In contrast to altruistic behavior that had been shown, there were also some egoistic behaviors. Bribery has been one of the main reasons why Paul and the people with him have survived the genocide. One instance was when the police came and arrested Paul and some of his Tutsi neighbors, the police found out later on that most of them were Tutsi so the police called Paul to kill the “cockroaches”. Paul was an intelligent man. He knew exactly what to bribe the police with so that they would not kill the people that were with him. There was another scene when Paul was talking to his wife and he said “…I store up favors so when there is a time when we need help, we have powerful people who can help us…” This latter example may be a form of reciprocal helping.

Personal norms are one of the reasons why Paul continued to help other people who asked him for help. There was one scene wherein his family was able to ride with the UN and go to a safe camp but Paul was having second thought about leaving the other people behind. Here, Paul’s moral obligations and values were the tool that gave him the conviction to stay and protect those who were left behind. 

I remember the movie Schindler’s List where the same plot happened but in this movie, the Jews were the ones who were protected from the Nazi’s. Schindler’s list was also a true story that revolved around a businessman who had a factory and uses Jews as laborers. As soon as the Nazis took reign, they tortured the Jews and killed those Jews using gas chambers in Auschwitz.  Honestly, it pains me to see people, innocent people, suffer for no apparent reason. I could not imagine how those people would kill hundreds and thousands of people without feeling even the tiniest remorse. I could only imagine how emotionally bruised these people are to not feel anything or maybe their cognitive perception of what is right or wrong was distorted.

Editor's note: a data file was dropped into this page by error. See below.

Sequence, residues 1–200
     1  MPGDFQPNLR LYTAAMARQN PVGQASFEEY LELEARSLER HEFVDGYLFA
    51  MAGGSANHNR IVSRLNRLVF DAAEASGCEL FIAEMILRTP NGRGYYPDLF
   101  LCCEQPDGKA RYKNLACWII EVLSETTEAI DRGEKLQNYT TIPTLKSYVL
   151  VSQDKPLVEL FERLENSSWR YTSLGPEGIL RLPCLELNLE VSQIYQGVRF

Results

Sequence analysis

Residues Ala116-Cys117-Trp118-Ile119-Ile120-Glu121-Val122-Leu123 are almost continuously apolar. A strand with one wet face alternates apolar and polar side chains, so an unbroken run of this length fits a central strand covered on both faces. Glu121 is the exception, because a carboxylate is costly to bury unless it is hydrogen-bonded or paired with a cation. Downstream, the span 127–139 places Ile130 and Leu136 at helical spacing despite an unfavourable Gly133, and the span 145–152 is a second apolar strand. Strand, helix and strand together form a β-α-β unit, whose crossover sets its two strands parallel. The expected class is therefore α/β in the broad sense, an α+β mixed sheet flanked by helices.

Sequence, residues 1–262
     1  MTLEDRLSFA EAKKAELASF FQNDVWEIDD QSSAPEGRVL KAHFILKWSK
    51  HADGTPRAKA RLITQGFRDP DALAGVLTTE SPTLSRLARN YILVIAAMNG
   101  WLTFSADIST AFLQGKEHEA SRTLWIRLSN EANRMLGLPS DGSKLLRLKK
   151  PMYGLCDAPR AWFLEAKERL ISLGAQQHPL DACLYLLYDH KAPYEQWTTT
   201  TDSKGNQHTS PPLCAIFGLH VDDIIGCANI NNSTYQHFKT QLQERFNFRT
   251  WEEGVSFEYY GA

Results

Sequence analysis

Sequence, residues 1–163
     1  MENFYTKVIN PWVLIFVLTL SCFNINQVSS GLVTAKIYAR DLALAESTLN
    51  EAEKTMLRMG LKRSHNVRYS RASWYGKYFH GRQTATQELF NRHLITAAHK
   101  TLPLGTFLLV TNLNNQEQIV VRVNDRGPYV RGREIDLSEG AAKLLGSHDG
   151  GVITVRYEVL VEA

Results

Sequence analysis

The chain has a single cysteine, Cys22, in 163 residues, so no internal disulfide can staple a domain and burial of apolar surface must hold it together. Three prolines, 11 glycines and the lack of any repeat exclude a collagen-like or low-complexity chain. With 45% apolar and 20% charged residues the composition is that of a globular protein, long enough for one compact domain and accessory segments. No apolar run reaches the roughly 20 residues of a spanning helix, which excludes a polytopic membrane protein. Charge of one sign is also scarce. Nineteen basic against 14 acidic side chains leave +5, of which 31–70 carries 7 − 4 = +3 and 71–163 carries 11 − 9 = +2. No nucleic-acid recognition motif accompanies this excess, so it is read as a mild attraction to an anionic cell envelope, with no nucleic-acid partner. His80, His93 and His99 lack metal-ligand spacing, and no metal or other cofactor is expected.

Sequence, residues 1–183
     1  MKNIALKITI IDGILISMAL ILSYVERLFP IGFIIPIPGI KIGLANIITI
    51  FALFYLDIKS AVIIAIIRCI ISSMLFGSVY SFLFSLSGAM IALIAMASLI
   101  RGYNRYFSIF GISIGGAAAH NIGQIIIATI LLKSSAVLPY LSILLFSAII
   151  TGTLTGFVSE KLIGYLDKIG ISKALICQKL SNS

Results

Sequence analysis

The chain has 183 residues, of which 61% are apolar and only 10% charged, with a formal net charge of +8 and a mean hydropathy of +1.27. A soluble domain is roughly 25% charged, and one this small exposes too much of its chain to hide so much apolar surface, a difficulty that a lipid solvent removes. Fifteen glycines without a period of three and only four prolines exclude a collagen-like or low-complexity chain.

This got me thinking, what happened to us that we are slowly losing empathy for other people. We are slowly being apathetic. Do we really want to be this way? What has happened to our society?  I believe that the film industry should show more films like this in order for the people to remember that there are people who need our help. It is our responsibility as human beings to help one another. These movies should serve as a wake up call for us and that we should reflect on ourselves and ask why are we acting this way?

Personally, I commend the people that chose to create this film as a way of reaching out to people all over the world. This should serve as a wake up call and as a conviction to each of us that our world does not revolve only around ourselves and our loved ones but we should also be affected and thus act upon the problems and adversities that people across the world are experiencing. Let us prove to ourselves and to other people that we are not the type of people who were described by the American reporter; people who “…sees the footage and say ‘Oh my God…’ and continue eating their dinner…” Let us prove to ourselves and to the rest of the world that we are not apathetic.

Works Cited

Hennig, Rainer. “The Cross and the Genocide.” afrol News. 2001. 13 April 2008. <http://www.afrol.com/Countries/Rwanda/backgr_cross_genocide.htm >.